Despite the industry doing remarkably well in the face of the pandemic, relentless WFH contributes to stress and burnout of IT professionals
By now, we all know that although economy and business operations have been hit hard by the pandemic, some sectors have coped exceedingly well through remote working facilities. Information Technology (IT) is definitely the foremost among them, as IT companies already had most of the work-from-home (WFH) infrastructures in place even before COVID-19 struck. They have been nearly as productive as they were in the pre-pandemic days, and in many cases even overshooting previous output. Job monitoring portals confirm that the IT sector is one of the few that are currently in growth despite the lockdowns. However, things are not at all rosy for the IT professional. An overwhelmingly large section of them is falling easy prey to stress and burnout. In fact, the pandemic situation serves as a clarion call for aspiring IT professionals and highlights how important it is for them to learn how to handle these pressures.
Tech recruiting agency Harvey Nash performed a survey across the IT industry during the ongoing pandemic to come up with some gloomy results. The survey showed that among the respondents, nearly 36% of tech professionals felt that their mental health has deteriorated due to the prevailing situation. Significantly, more than a third of them confessed that this was the first time in their lives that they had felt worried about their mental well-being. Delving deeper into the responses, the survey unearthed two primary reasons for such worry – while 46% said this endless cycle of WFH is not allowing workers any personal time to switch off (46%), 41% were overwhelmed by possibility of losing their job or contract as a fallout of the crisis.
Such stress is not surprising, but what is worrisome is the fact that the changed mode of working and the consequent “new normal” that we are staring at even when the disease retreats is appearing like a tunnel with no end – making employees claustrophobic and uncertain. Most of them now feel anxious all the time, and many are just not finding the focus to work in the absence of face-to-face exchanges.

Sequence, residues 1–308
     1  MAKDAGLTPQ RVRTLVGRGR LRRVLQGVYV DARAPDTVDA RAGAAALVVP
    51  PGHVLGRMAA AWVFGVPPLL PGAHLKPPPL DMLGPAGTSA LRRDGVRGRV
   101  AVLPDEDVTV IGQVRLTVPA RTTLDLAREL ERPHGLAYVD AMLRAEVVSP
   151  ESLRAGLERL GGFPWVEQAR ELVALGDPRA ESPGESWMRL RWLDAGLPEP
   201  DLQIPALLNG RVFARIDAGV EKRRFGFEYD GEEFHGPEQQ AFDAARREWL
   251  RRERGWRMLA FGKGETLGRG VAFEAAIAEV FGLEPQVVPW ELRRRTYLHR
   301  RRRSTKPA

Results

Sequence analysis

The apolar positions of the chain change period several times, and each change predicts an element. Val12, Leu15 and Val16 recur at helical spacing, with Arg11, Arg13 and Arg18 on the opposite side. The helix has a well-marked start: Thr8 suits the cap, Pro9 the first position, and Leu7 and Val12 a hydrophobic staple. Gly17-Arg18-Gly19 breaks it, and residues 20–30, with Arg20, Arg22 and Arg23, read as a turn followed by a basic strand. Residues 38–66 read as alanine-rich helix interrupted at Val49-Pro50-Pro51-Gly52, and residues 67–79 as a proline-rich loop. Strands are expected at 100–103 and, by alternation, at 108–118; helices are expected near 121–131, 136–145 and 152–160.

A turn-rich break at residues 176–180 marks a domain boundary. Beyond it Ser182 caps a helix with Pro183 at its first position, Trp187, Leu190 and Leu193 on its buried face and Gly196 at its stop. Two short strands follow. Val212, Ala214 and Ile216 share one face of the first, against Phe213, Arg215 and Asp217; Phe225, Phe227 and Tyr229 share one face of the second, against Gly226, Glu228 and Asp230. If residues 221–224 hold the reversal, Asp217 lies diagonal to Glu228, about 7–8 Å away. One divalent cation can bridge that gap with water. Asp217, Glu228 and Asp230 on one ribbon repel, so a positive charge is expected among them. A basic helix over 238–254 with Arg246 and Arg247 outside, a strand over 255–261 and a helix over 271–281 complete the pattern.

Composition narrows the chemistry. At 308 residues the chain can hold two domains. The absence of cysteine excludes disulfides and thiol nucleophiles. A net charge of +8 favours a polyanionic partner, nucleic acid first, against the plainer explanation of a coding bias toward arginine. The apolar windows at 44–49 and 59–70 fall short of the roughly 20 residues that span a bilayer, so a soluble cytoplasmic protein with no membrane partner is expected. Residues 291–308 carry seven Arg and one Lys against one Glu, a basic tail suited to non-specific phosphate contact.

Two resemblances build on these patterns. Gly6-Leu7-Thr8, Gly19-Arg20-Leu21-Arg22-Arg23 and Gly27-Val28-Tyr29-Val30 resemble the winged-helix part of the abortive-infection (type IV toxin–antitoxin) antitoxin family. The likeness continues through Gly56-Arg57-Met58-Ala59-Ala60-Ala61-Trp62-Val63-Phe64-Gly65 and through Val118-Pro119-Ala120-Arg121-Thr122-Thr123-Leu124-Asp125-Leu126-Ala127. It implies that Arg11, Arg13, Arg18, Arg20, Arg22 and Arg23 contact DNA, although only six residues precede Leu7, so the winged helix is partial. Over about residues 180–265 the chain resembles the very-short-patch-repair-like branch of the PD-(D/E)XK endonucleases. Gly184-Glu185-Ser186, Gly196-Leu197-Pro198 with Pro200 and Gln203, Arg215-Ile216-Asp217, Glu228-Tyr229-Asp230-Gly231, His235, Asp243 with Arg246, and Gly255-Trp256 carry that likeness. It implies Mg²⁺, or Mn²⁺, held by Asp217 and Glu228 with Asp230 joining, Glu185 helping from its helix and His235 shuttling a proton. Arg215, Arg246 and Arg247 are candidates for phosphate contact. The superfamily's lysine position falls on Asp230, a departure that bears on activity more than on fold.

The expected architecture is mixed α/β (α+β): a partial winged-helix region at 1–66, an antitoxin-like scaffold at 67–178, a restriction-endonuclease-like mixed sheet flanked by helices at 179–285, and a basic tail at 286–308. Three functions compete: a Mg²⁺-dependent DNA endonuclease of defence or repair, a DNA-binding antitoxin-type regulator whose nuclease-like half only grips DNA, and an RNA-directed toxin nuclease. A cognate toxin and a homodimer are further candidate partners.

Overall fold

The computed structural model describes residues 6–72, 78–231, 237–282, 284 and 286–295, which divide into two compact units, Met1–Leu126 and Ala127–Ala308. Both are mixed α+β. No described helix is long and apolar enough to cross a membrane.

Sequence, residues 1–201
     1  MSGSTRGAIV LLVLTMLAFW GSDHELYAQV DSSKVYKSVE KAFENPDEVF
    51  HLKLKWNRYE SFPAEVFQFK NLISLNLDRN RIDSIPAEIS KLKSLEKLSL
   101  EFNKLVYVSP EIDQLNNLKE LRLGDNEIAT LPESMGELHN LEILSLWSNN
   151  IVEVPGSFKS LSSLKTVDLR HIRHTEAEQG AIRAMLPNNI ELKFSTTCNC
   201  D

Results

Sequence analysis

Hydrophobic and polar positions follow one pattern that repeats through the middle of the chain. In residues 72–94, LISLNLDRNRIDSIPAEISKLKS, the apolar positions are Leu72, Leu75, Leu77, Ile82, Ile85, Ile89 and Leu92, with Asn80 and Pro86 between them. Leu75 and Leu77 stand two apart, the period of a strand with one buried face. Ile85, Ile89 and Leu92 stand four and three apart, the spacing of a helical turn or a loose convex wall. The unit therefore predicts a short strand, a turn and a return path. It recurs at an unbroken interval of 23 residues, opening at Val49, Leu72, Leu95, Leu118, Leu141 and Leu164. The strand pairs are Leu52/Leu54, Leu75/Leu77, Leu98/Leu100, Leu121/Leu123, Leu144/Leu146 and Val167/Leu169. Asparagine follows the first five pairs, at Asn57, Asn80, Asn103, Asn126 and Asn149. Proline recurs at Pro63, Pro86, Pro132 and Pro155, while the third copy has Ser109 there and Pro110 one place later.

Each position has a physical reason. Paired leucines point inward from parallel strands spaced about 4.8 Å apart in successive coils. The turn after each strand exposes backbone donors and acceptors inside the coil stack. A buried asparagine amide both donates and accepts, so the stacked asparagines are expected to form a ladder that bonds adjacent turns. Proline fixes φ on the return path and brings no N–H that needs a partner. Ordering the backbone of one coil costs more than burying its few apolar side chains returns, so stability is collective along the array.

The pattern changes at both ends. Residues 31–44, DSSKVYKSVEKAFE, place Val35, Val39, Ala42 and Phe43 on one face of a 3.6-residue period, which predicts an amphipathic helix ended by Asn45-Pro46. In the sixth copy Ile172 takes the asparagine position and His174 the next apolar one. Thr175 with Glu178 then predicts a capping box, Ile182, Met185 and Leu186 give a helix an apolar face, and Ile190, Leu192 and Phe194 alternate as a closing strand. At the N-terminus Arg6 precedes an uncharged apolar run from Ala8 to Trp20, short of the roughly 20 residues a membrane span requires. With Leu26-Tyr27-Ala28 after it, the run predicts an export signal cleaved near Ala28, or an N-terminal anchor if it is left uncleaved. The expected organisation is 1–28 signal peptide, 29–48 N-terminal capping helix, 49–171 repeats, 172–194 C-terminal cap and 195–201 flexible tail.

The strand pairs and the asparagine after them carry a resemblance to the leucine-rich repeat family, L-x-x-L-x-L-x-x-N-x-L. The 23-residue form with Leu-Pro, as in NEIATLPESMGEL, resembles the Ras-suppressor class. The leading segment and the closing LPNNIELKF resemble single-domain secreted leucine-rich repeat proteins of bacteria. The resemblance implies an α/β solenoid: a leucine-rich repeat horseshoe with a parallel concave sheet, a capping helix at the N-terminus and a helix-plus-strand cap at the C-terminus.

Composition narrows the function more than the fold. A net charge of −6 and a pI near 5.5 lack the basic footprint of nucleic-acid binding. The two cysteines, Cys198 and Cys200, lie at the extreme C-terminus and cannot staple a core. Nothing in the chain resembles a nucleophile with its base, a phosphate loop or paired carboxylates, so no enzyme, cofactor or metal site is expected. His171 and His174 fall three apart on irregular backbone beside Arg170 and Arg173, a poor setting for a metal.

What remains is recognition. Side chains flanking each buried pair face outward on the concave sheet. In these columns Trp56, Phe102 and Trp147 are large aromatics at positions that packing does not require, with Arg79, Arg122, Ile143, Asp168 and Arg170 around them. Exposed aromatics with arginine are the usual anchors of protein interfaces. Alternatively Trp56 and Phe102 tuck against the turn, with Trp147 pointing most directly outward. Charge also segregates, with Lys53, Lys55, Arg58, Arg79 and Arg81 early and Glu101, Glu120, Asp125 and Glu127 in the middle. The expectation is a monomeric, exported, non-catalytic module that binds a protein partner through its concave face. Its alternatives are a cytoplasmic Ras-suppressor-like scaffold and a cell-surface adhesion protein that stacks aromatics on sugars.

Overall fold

Teamwork had traditionally been the driving force in IT, and suddenly there is no team around and all interaction is being conducted through on-screen chats and calls – communication technologies which were always in a supporting role are taking centre stage. This is going on for close to eight months now and no one knows how long it will continue. Unless extraordinarily self-motivated, organised and in control of emotions – which very few of us are – this is not an encouraging work environment indeed.
The anxiety that comes with such pressure situations has created behaviour patterns which has contributed to more stress. Afraid of layoffs and eager to remain in the good books of authorities, a vast majority of workers have started working extra hours each day. Some are also logging in on weekends to keep ahead of the rat race. Being out of the manager’s sight, they feel apprehensions that their contributions might be overlooked or ignored – making them redundant to the organisation.
This is another manifestation of presenteeism, and although HR departments are trying their best to alleviate such unnecessary notions – this is hard to eliminate as it stems from insecurities innate to the human nature. And it is true that job cuts are also happening in many organisations and some roles are indeed getting redundant.
Naturally, such self-imposed pressure is bound to create a lot of stress – and the situation at home is adding to it, instead of being a source for solace. According to the Harvey Nash survey, 32% of employees with children felt that WFH in addition to day-care for children and making arrangements for their online schooling was making the situation worse. When you attend office, you only work.
But when you work at home and the normal routine is disrupted for everyone, you feel the necessity to handle family responsibilities and yet remain productive at work – all the while goaded by a fear of job uncertainty looming at the back of your mind. Add to this the restrictions of not being able to go out anywhere, no external entertainment or dining and all family members staying together at home all the time for eight months and counting. This is a certain recipe for stress, and none can be blamed for succumbing to it.
The situation is without precedent but provides us an opportunity to learn and make ourselves future-ready. Stress is a part of life and external forces are responsible for a greater portion of it. The aspiring IT professionals should study the current situation, understand the areas of concern and brace themselves psychologically. That is a lesson no tech school can impart.